Data Masker for SQL Server is a fantastic product, and one that can reduce your attack surface area and exposure under the GDPR or any other regulation. There are plenty or rules and templates to help you anonymize data, in ways you might not have expected. It’s a part of SQL Provision and the SQL Data Privacy Suite.
In this post, I want to show you a common technique that can be used to anonymize date data. In this case, we’ll change birthdays from an original data set to new values using SQL Provision.
Masking the Birthdate
Here is my original data. As you can see, I’ve got some values for person_id, full_name, and birth_date. These are the values that exist in my database right now.
My concern as I move to QA and development environments is that even if I mask the id or name, the birthday might reveal too much information about this user. As a result, I need to anonymize these. I’ll use Data Masker to accomplish this task.
This isn’t a tutorial on using Data Masker, so I’m assuming you know how to create a masking set. In this post, I’ll just use an empty masking set and alter the birthdates.
To do this, I’ll add a masking rule that’s a substitution rule. I’ll add this and choose my dbo.DM_EMPLOYEE.birth_date column. Once I do that, I have a number of datasets I can choose from.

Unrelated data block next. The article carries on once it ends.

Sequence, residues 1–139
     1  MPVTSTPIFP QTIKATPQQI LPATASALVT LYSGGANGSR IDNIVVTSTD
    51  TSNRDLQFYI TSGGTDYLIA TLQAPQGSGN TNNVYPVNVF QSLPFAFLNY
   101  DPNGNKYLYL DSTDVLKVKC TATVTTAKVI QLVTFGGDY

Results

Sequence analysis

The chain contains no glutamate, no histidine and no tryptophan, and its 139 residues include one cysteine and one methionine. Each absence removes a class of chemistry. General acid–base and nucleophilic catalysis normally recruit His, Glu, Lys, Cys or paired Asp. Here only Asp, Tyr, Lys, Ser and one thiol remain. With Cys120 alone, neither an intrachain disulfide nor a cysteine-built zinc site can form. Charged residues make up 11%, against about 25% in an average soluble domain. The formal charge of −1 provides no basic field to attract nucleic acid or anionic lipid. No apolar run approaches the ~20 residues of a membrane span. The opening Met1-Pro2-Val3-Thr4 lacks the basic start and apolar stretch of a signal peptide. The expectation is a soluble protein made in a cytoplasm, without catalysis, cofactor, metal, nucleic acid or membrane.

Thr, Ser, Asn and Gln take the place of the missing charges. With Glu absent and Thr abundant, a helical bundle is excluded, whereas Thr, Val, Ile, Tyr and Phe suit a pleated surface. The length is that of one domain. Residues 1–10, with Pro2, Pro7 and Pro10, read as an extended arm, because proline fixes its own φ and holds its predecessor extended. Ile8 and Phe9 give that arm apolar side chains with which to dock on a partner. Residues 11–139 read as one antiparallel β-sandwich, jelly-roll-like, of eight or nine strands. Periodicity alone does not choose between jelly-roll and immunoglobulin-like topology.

If I choose the Data Variance (Constant) item. I see this configuration:
Here I can set a random variance that will be used and choose a range. For my test, I altered these defaults to +-5 days, with zero being invalid. If I run that on my database, I get a constant set of movement of the birth_date values. I’ve set up a vertical partition to show you the original data on the left and the new data on the right:
As you can see, the values have all moved 4 days. That might be OK, but in this case, I don’t like this.
Instead, I’ll reset my database (in seconds with SQL Clone), and use a different dataset. This time I’ll choose Date Variance (Random) to ensure each row gets a random date that is within a variance. Again, +- 5 days and no same dates.
After running this rule, I now see these results (again, left is original, right is masked):
Now I see the first person has a date that’s 2 days later while the second person has one that’s 4 days earlier. Random movement among all the rows.
This is what I want, and I can now easily save this dataset as RandomBirthdays.dmsset.
When I go to use SQL Provision to create a new image from my original data, I’ll add this dataset in the modification step (GUI shown, but this would typically be added as a parameter in the PoSh script).
This would ensure that every clone made from this process included random birthdays that are close, but not correct. This should keep my application functioning when there are date values needed for data.
Similar techniques can be used to alter order dates, shipping dates, etc.
SQL Provision includes Data Masker and SQL Clone, two amazing tools that will free up your developers from tedious tasks, ensure they can use large datasets for their work without the hassles and delays of restoring large databases.
If you want to give this a try, download an evaluation today and play around by implementing your own masking requirements.